Element height based on viewport height

Today I had to create a little landing page for one of our clients. one of the requirements was to have the landing page fill the screen no matter what height the viewport was. So this would fill the space up on a desktop, iPad for example.

I stumbled across a handy piece of jQquery that makes use of jQuery height element, below is the snippet:

function stretch_pc() {
var height = $(window).height();
var stretch = (80 * height) / 100;
thirtypc = parseInt(thirtypc) + 'px';

$(document).ready(function() {
$(window).bind('resize', stretch_pc);

This is essentially a function that is defining two variables height and stretch. The height variable is simply just finding the height of the windows viewport. By reading the jQuery documentation here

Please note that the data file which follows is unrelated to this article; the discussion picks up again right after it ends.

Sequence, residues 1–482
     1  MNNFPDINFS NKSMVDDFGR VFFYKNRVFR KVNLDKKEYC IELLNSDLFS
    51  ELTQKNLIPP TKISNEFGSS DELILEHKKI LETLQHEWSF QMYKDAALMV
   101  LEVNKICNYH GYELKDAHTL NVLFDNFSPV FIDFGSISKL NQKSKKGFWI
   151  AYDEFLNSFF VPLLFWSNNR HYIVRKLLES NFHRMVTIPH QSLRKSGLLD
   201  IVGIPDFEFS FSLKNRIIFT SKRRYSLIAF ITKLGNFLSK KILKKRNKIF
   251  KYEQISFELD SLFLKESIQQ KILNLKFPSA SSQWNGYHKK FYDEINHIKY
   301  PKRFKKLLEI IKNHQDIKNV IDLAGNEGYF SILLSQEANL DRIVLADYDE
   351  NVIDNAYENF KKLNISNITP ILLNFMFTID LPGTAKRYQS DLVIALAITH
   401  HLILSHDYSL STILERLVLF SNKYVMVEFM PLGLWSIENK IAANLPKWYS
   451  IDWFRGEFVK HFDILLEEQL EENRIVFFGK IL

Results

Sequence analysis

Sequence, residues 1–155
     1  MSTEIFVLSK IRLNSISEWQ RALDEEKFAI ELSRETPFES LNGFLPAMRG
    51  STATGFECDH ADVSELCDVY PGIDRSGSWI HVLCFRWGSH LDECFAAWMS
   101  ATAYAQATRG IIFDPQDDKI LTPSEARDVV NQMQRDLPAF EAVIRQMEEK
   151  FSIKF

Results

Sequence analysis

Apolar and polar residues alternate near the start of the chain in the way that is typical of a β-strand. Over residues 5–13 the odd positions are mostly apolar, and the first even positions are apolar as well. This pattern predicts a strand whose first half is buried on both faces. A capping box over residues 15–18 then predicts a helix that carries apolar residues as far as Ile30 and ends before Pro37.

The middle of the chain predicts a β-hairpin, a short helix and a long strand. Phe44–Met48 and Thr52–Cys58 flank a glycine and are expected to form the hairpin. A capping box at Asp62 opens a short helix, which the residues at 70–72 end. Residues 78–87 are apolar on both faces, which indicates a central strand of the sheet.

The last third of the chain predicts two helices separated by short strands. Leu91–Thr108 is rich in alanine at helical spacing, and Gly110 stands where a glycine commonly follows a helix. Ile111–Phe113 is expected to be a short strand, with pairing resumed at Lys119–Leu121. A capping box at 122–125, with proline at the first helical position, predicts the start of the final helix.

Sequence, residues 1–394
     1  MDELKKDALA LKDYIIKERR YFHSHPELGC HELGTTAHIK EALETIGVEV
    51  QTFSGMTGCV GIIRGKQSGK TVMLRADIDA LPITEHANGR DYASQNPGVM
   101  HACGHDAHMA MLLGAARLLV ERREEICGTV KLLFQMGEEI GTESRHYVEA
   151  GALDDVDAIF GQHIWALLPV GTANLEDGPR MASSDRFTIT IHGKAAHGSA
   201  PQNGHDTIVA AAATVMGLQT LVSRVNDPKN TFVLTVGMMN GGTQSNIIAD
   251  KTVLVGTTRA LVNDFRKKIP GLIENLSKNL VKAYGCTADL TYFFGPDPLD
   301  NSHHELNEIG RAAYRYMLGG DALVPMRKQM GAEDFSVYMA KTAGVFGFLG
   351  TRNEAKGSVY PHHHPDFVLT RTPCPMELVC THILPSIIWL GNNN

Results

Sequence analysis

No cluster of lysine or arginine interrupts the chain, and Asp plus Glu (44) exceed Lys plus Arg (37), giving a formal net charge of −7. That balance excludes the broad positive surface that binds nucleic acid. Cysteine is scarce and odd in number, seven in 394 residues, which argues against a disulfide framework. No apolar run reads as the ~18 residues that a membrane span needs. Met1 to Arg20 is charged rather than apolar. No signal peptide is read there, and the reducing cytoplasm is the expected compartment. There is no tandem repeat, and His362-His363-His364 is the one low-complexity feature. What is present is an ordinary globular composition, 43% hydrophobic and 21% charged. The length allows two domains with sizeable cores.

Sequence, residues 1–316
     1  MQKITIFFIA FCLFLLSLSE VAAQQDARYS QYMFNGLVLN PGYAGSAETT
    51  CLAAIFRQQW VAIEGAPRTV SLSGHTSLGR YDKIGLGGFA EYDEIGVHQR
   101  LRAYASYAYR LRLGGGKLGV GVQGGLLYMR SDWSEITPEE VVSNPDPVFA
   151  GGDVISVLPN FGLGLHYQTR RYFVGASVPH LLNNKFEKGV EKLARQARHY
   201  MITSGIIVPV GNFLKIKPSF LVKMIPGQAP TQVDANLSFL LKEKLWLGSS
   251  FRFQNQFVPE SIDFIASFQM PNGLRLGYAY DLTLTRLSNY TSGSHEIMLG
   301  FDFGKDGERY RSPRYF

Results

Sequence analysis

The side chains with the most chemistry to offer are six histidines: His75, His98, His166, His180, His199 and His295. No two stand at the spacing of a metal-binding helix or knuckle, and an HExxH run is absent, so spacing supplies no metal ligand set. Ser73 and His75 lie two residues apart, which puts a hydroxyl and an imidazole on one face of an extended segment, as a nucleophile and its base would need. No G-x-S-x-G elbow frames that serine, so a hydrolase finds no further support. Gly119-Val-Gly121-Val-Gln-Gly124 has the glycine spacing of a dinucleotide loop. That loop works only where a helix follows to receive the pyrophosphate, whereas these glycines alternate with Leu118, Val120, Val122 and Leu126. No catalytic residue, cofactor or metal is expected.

The difference between .css('height') and .height() is that the latter returns a unit-less pixel value (for example, 400) while the former returns a value with units intact (for example, 400px). The .height() method is recommended when an element’s height needs to be used in a mathematical calculation.

The second variable stretch is going to be 80 percent of the viewport  * the height of the document and then divided by 100 to give us 80 percent of the viewport height. You may change 80 to match whatever you find sufficient, I opted for this as the height element does not take in to account any padding or margin, so you will get a bit of excess if you decide to have these in your css.

Lastly, after the function, the jquery will load on the document ready and initialise the function, making the ‘div’ height match the percentage defined in the function.

Further reading: jQuery Documentation

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